These speculations lead directly on to a film in Paul’s 1905 catalogue, also apparently lost, which I’d never paid much attention to before. Titled Goaded to Anarchy, it’s another drama of some substance and ambition, which traced the suppression of a plot by Russian anarchists, and the resulting revenge by one of them on a Tsarist general. The plot has quite a lot in common with narratives we know well, ranging from several of Joseph Conrad’s to Andrei Bely’s great novel Petersburg. And of course – I suddenly realised – it must have been prompted by news of the attempted revolution in Russia in 1905, one episode of which became the subject of Eisenstein’s Battleship Potemkin. We know that news of Russia’s turmoil certainly reached Western Europe, and Pathé’s enterprising reconstruction of the Potemkin mutiny in 1905, La Revolution russe, has survived.
But who knew that there was a British response in the same year as the unsuccessful revolution? And that its attitude appears to have been sympathetic to those challenging Russian autocracy? Conrad’s two great novels The Secret Agent and Under Western Eyes both came later. Meanwhile, there was a series of terrorist incidents between 1909 and 1911, culminating in the notorious ‘Siege of Sydney Street’, which brought former revolutionaries from the Russian Empire to London.
All of which may seem a far cry from researching Robert Paul, most of whose extant films are whimsical comedies, such as The Unfortunate Policeman (1905) and The ? Motorist (1906). But actually, I think we’re in danger of selling short some of the key early figures by looking only at the surviving films, and focusing mainly on their formal qualities. Sadly, early film history has been largely written on the basis of what few films have randomly survived. Indeed, this is true of most silent-era film history, and of even later periods.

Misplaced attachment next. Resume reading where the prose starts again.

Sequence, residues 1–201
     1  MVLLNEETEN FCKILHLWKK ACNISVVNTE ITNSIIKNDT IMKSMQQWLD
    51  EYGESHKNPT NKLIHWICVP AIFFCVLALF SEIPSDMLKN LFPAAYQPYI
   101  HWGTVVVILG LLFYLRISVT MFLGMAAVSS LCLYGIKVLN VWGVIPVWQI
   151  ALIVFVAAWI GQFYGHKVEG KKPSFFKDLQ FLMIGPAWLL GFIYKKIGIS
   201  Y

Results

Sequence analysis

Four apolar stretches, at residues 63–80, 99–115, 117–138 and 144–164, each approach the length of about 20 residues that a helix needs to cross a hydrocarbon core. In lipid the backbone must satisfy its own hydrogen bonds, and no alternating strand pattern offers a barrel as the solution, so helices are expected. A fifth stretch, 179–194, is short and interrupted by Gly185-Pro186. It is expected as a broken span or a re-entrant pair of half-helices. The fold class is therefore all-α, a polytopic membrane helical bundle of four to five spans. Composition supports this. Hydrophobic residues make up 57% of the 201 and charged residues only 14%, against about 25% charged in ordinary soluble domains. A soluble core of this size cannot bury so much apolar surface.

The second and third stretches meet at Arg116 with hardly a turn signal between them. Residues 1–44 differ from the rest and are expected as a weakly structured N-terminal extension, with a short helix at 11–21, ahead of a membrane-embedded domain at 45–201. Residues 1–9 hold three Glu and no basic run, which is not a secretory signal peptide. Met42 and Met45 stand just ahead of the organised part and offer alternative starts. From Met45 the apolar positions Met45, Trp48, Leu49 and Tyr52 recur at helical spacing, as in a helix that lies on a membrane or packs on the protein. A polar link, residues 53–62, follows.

I firmly believe we need to challenge this happenstance, and take account of important films that we know much about, even if we can’t see them today. And I have encouraged my students researching in the silent era to be unafraid of discussing films that no longer exist, or do so only in fragmentary form. Obviously it’s hard to make value judgements about these, but then another vice of early film history has been its partiality to value judgements based on what interests us, rather than what may have interested producers and audiences a century ago.
Reading the catalogues carefully, and trying to evoke the contexts that may have prompted their varied contents, are surely vital parts of the research process. We will never know how decisions were made in early studios such as Paul’s in North London. Or what viewers thought of their offerings, in the days before organised reviewing. But thanks to the catalogues, and the contextual search resources we have today, we can get a little closer.
 All of Paul’s extant films were published on a DVD I curated for the British Film Institute in 2006, and many of these have since found their way onto YouTube, with Stephen Horne’s excellent accompaniment.